Pulsed laser excitation with higher peak power increases the thermal energy of the electron gas, and thus reducing the effective ϕb (Fig. 4b). The pulse duration of the excitation laser is shorter than the carrier lifetime in G, allowing hot carriers with higher electronic temperature (Te) to play a role in the photocurrent, before reaching the thermal equilibrium with the carbon lattice through the electron–phonon scattering. The peak power effectively coupled onto G can be up to 10 kW cm−2, leading to estimated transient Te of 600 K.50 Higher Te increases the portion of the hot carriers that can effectively emit into G to Si (Inset of Fig. 4b). The extra hot carrier contribution with pulsed laser excitation leads to a 3.2× enhancement of photocurrent (correspondent to ΔE(Te) = 24.5 meV), compared to C.W. light with the same wavelength and average power (Supplementary Materials VII). Photocurrent enhancement factor from the pulsed laser is weakly dependent on the reverse bias, indicating hot carrier generation and amplification are independent processes in the multi-junction device. The reverse bias enhanced built-in electric field on G-doped Si can lead to possible avalanche gain (Fig. 4b). The avalanche mechanism can be attributed to the carrier multiplication process in G-p Si interface. The carrier multiplication in biased G is less likely, as the lateral built-in electric field is much weaker than the vertical G-doped Si interface (further discussed in Supplementary Materials VII). The reverse bias dependent photocurrent lineshape can be fitted by the avalanche multiplication model of M = 1/(1 − (VR/VBD)k).30 The breakdown voltage (VBD) and the power coefficient k are fitted to be −0.63 V and 3.2 respectively. M = 4.18 is achieved as VR set at −0.5 V bias.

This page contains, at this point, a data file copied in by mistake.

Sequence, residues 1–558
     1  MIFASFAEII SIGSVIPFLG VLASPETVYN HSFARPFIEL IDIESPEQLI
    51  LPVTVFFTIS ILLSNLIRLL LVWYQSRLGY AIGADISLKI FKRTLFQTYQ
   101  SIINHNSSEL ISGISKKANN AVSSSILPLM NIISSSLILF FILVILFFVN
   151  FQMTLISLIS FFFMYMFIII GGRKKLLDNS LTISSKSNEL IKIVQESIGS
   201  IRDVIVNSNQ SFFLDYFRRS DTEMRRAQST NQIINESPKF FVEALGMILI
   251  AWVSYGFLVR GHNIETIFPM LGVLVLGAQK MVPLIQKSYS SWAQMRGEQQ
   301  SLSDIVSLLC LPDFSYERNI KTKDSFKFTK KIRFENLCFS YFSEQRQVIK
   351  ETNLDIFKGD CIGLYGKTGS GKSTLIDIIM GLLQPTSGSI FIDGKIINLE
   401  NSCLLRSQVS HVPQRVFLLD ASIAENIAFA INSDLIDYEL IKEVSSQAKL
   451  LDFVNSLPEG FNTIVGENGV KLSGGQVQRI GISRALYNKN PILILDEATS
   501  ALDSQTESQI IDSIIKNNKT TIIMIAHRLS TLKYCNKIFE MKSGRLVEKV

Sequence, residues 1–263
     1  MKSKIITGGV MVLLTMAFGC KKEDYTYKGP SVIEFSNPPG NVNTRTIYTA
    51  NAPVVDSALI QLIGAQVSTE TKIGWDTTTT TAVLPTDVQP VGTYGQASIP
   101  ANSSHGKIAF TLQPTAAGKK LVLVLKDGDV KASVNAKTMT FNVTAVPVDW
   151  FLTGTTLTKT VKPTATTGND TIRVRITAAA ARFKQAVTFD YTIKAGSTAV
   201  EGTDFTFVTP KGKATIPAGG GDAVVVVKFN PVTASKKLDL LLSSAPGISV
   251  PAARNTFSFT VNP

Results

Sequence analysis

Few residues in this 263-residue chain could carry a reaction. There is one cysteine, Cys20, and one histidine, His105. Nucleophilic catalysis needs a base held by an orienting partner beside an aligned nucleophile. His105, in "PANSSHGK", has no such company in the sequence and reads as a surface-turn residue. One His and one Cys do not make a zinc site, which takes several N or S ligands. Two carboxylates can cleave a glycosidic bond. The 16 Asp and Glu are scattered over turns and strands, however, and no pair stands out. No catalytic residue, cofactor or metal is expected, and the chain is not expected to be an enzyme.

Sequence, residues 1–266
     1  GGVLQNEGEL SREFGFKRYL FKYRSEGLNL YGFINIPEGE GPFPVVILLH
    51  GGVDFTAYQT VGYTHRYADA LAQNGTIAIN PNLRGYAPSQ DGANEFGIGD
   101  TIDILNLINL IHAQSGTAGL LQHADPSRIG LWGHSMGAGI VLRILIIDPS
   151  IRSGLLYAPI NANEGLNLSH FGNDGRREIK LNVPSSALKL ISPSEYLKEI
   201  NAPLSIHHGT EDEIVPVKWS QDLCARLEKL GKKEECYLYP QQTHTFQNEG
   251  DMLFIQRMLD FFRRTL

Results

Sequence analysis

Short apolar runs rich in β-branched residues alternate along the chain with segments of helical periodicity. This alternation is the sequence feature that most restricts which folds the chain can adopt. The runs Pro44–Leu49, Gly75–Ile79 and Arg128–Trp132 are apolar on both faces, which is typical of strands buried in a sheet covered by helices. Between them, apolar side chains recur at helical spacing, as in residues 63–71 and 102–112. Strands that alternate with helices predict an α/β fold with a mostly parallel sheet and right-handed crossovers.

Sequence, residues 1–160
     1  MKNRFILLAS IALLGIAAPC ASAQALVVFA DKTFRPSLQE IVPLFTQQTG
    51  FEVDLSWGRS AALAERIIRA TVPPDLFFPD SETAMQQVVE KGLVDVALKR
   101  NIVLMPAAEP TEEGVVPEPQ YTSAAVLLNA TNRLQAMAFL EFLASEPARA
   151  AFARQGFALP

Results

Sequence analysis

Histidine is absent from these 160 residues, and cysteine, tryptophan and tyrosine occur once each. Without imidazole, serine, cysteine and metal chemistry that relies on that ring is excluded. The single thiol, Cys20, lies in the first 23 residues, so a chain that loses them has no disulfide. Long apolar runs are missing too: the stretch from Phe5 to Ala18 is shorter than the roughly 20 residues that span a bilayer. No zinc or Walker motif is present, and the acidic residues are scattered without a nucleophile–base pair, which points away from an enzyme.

To better understand the photon absorption mechanism, we compare the power dependent photocurrent between monolithic and hybrid devices (Fig. 4c). The inset of Fig. 4c distinguishes one-photon absorption in G hybrid device (solid red squares) from multi-photon absorption in Si devices (open blue circles). The dashed red line is the linear fit for a hybrid sample at low optical power. The responsivity in the linear region is characterized to be 11 mA/W (EQEG–Si = 8.8%). At higher incident power (more than 1 MW cm−2), the photocurrent reaches the current saturation threshold in G. An opposite trend of power dependence is observed in monolithic Si devices, where the two-photon absorption leads to enhanced responsivity at higher incident power (0.055 Pin2 + Pin, where Pin is the input power). The polynomial relation (solid blue curve in the insert of Fig. 4c) represents the collective photoresponse from two-photon absorption in Si (the first term) and linear absorption through mid-gap defect states in Si (the second term).

Through the 4.18 avalanche gain of our device and the slow light effect in photonic crystal structure (≈4 times45), the 60 µm long hybrid PhC waveguide is promising to achieve the photoresponsivity of 183.92 mA/W (11 × 4.18 × 4 mA/W), given the ηL_pin of 20% near the waveguide region (estimated from Fig. 3a). Through reducing the intrinsic region width to 1 µm, ηL_pin can be improved to be 89% according to the model. Numerical calculation show that approximately 24% of the optical power is absorbed by the G layer along the 60 µm long waveguide.58 The interfacial IQE at the 1550 nm is derived to be 18%.